2020 Gallatin graduate Tay Staten uttered those words when talking about Green Wave head coach Chad Watson and special teams coach Joshua Adkins.
On October 3, Adkins, Staten and Watson packed up Watson’s vehicle. They made the 9 hour and 18-minute drive to Independence, Kansas, to drop off Staten at his new home, Independence Community College.
“It was a really good trip,” Watson said. “Tay and I have always had an excellent relationship, and when I caught wind of him having transportation issues, we knew we had to help. Coach Adkins needed about two seconds to volunteer. That is what it’s all about.”
Staten was told if he didn’t show up the following Monday (Oct. 5), he would be in jeopardy of losing his spot on the team.
“There was no way I was going to let him miss this opportunity,” Watson said. “I had a similar experience where I was also out of football for a year working before I walked on at Austin Peay before earning a scholarship. It’s never too late.”
The 600-mile drive for a player that is no longer part of your team is something not every coach would do, and it is something Watson and Adkins need to be commended for. It is without a doubt the most significant thing Watson and Adkins will ever do as coaches; it is bigger than any state championship victory, region title or undefeated season.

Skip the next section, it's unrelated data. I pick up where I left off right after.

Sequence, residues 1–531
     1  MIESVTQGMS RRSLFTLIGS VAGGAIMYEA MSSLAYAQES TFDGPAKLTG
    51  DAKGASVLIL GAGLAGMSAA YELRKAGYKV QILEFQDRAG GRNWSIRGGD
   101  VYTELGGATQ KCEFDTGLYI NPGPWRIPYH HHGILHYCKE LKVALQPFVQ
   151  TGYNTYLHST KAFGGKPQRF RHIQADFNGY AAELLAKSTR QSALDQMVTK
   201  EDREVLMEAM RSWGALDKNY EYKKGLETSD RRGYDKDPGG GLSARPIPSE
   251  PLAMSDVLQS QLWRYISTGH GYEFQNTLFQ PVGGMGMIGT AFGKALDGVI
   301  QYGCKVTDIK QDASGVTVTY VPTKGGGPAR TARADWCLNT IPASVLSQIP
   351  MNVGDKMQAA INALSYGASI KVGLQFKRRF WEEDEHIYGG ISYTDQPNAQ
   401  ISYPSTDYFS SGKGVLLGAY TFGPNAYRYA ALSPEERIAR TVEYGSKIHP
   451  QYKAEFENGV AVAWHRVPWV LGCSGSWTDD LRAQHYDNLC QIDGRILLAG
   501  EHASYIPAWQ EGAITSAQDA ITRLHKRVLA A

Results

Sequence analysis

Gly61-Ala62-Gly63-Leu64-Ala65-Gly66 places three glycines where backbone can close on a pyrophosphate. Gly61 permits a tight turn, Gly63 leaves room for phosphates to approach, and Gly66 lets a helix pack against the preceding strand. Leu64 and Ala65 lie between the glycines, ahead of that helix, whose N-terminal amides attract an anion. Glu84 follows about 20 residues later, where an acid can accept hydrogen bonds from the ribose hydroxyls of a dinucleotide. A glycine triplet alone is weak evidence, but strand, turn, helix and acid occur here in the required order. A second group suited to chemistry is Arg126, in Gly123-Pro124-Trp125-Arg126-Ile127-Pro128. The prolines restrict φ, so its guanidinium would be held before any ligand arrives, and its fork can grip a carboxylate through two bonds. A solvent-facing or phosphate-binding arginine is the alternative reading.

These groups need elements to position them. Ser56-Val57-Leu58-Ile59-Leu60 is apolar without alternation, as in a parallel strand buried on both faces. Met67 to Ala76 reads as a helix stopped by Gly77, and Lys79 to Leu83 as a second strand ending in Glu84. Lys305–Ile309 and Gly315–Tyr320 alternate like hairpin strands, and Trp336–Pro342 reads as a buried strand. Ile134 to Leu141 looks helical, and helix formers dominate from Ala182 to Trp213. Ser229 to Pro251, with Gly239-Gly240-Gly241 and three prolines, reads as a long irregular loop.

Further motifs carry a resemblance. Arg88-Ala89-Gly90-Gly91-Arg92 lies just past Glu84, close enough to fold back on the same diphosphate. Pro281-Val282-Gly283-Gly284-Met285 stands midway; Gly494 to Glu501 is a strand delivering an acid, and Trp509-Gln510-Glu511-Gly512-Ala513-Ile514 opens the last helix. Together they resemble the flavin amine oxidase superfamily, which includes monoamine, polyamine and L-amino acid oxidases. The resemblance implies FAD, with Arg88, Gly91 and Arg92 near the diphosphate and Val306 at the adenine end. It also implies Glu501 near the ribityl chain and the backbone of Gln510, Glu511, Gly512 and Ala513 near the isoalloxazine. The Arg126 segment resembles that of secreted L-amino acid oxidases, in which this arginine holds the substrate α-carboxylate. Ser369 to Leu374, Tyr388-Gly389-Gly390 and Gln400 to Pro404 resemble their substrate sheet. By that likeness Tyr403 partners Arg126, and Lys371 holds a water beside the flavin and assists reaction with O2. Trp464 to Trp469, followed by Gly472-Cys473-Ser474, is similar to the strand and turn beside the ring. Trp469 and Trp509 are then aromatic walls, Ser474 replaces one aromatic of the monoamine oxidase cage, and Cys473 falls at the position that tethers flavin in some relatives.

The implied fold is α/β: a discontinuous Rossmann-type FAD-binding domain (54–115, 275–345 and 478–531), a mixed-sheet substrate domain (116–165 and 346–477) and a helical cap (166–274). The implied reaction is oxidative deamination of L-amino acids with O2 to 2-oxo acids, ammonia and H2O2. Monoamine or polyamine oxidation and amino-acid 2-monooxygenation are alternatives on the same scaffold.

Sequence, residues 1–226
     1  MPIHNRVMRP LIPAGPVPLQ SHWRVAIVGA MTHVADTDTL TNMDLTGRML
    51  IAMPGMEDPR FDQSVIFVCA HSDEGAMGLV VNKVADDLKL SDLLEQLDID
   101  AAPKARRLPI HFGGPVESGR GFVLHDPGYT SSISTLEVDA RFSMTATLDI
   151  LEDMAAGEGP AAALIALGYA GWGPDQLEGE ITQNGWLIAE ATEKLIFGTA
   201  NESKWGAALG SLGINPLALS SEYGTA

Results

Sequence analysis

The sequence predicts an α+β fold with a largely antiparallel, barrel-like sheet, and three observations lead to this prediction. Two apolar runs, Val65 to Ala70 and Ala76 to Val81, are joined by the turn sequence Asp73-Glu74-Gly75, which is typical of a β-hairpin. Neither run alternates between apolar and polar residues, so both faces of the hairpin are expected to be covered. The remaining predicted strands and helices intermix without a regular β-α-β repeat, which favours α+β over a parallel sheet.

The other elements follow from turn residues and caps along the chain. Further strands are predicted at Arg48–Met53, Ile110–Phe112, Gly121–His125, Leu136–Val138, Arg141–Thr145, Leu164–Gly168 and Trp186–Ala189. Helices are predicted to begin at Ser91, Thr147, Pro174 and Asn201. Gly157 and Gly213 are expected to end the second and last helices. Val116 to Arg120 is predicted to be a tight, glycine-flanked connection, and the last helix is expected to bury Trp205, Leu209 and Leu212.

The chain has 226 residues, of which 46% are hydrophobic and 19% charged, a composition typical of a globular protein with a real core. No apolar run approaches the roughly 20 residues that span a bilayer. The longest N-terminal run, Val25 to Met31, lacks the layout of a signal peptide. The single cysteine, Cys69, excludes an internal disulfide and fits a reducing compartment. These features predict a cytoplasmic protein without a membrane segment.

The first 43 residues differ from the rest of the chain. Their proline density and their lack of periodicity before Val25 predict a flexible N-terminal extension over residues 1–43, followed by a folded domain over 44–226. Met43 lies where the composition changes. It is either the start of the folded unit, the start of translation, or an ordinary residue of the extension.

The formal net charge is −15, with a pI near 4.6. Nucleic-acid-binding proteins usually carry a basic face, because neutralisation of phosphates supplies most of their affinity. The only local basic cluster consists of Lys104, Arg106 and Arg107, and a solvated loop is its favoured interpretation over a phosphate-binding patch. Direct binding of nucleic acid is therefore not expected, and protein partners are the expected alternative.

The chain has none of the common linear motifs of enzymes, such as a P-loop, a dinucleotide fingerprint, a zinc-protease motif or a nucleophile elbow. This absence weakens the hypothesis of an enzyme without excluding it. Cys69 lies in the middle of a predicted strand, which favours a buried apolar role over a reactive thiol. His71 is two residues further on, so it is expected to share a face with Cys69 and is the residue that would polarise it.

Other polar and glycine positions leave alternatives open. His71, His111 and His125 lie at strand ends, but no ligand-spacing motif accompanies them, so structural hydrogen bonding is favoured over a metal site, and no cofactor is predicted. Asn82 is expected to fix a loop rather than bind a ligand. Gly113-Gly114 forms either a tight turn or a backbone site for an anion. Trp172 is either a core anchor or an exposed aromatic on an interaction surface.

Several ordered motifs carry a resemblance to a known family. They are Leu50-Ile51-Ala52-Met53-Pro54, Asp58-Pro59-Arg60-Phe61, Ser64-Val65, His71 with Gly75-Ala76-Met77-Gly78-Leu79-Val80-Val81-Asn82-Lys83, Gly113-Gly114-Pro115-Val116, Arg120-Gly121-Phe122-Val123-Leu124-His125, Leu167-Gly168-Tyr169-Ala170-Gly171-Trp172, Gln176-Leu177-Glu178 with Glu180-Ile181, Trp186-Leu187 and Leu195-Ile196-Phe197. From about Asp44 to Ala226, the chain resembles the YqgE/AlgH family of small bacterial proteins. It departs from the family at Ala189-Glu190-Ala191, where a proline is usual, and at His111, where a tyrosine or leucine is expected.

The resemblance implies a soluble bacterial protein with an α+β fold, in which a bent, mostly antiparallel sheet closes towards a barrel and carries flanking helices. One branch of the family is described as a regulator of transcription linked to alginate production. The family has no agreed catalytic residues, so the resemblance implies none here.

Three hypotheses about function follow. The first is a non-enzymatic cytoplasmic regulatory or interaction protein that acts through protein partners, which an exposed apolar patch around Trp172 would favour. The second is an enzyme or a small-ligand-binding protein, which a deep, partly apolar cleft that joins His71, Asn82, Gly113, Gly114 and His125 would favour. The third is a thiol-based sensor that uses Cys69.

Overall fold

“I can’t thank them enough for what they did for me,” Staten said. “I’m not even on the team anymore and they did that for me - that’s love. There is no other way to describe it.
“I am blessed,” Staten continued. “I’ve never seen a coach that gives that kind of time and dedication to a player. I have so much love for them. I still can’t believe they did something like that for me. Without them or my family, I wouldn’t be here.”
How far would you go as a coach to ensure a better life for one of your players?
Every athlete deserves someone they can call “coach” for the rest of their lives. For Staten, Watson and Adkins will always hold that prestigious title.
“Coach Watson was the coach we needed,” Staten said. “Coach Watson was the coach I needed. When he came in talking about GRIT, that put me on my mindset of doing whatever I need to do to get the job done.”
Staten has used that mindset to carry him to ICC. Following graduation in May, he wondered if he’d ever get his shot to play college football. Chances looked slim, but a text message in August changed his future.
“I was on break at work, and I’m sending out my highlights and Head Coach Jason Martin text me and told me he wanted me on the team,” he recalled. “It was a dream come true; I never thought I would play again. I got down on myself and gave up on my dream, but I just remembered never to give up on my dreams of playing college football and trying to make it to the NFL one day.”
Staten says he planned on attending Vol State Community College, but the idea of staying in Gallatin never sat right with him.
“I just didn’t want to stay in Gallatin,” he said. “Everyone wanted me to get out. I love my family and I didn’t want to move so far away, but the love and support I’ve gotten from my family has pushed me to chase my dreams.”
Now that Staten is getting settled in his new home, he says time in the books, in the film room and the weight room are just a few adjustments to come back stronger than before.
“Books come first and then football, but my dreams are bigger than Independence Community College,” he said.